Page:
The summer passed relatively quietly. I was excited that I had not had a vomiting episode since March, before I started treatments with my LLMD. While I was not 100% yet, I was really hopeful that the worst was passed, and I could move on with my life.
August started kind-of crummy. My stomach just felt off and my energy wasn’t the greatest, but I also had been pretty busy in July (do you see the pattern here? I always had a “reason” why I wasn’t feeling well. Denial!). By August 12, I was back in bed with very low energy, brain fog, stomach upset, and just needing to rest. I figured it was the heat and all the activity.
I woke up at 5:30 a.m. on August 13 with familiar symptoms, starting with the anxiety and the severe internal shaking. This progressed to external chills enough that it woke my husband up. I started to cry. “It’s back.”
I vomited a total of eight times that morning before collapsing asleep for a couple hours that afternoon. I had a low grade fever, and the panic started the following night with night sweats and nausea. I didn’t fall asleep until 3 a.m., and then awoke again at 6. This continued for several days. I was exhausted.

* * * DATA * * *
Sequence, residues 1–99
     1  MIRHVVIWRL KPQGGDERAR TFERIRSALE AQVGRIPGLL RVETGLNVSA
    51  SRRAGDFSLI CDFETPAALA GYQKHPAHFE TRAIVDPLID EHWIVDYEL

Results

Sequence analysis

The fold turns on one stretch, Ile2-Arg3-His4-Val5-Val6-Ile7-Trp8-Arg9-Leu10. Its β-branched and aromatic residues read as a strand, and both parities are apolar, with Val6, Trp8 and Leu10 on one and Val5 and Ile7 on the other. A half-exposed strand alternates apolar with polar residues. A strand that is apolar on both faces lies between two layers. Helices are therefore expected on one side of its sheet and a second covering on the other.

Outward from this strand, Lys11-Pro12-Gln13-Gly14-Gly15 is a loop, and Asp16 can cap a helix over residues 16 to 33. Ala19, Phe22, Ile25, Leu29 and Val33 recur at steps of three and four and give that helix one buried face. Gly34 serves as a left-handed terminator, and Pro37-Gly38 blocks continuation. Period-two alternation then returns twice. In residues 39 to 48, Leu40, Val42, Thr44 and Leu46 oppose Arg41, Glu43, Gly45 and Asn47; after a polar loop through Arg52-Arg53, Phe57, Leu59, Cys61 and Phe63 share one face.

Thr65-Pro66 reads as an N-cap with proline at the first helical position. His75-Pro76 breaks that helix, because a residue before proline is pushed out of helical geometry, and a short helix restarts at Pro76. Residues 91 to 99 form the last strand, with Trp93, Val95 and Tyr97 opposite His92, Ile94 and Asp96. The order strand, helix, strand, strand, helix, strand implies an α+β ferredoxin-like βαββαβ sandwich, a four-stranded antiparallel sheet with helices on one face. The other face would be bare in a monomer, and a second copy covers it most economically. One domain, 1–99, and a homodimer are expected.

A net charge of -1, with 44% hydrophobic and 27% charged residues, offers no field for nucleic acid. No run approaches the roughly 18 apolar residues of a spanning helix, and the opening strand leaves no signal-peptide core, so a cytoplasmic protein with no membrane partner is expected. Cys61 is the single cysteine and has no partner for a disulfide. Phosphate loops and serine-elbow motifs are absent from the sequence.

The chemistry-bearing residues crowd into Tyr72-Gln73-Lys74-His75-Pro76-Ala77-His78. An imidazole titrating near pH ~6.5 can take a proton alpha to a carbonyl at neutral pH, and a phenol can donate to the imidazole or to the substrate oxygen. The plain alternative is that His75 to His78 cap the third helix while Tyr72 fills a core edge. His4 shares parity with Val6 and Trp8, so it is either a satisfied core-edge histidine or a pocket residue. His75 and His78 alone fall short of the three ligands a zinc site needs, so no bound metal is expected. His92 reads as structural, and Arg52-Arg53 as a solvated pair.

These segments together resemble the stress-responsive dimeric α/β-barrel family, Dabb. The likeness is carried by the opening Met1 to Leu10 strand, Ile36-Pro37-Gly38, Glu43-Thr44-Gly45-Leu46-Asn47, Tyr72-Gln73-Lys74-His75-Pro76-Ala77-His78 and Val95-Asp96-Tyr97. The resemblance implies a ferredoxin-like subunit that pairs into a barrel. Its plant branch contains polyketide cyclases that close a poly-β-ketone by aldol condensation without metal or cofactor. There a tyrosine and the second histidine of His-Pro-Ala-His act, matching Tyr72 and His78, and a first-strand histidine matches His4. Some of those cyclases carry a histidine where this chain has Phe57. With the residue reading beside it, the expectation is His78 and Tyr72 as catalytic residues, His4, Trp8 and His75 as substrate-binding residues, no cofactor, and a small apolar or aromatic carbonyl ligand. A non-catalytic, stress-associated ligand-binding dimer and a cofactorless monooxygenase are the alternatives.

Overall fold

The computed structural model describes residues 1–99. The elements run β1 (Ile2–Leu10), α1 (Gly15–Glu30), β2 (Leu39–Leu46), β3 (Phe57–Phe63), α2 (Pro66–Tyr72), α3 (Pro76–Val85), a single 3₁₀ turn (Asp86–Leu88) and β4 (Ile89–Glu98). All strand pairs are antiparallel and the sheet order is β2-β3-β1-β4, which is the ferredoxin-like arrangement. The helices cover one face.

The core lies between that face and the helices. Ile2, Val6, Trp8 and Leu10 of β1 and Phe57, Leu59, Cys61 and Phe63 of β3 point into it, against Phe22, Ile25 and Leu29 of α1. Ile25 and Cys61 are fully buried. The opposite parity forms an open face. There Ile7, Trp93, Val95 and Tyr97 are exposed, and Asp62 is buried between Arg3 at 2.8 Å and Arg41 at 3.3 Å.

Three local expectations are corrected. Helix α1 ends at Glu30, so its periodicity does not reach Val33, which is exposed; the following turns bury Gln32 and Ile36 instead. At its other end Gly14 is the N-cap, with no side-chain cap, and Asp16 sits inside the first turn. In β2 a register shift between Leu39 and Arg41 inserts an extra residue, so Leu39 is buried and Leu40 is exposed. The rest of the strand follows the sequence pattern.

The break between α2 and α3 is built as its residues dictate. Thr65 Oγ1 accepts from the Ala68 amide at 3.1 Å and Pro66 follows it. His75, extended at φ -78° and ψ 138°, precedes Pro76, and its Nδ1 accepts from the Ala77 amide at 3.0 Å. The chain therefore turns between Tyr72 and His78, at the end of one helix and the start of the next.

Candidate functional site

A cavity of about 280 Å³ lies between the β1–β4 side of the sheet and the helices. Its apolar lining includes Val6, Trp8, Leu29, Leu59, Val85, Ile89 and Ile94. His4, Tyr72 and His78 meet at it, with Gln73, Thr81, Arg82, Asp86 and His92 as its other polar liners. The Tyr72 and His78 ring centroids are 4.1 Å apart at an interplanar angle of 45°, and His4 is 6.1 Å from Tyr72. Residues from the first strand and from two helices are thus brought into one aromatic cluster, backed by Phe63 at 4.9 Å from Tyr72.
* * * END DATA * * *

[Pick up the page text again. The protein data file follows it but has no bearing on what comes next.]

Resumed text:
Three days later I was vomiting again, and I begged my mom (who came over while my husband worked) to take me to the ER. I was done. I just wanted drugs, and I wanted them to knock me out and make it stop. Thankfully, she talked me through my anxiety, and I finally slept that night. We headed up to the Lyme doctor’s the next day.
The Lyme was back, and we started treatment for it again, this time just specifically for Lyme as it seemed the other infections were under control. However, the treatment didn’t feel as effective this time. And the vomiting episodes didn’t stop.
By the end of September, I decided that if I was going to get better, I would have to take a more active role myself in the whole process. I committed to doing the Buhner protocol, and we purchased a Rife machine to be able to use at home daily. (We also had an IonCleanse footbath that I was already using regularly during treatments).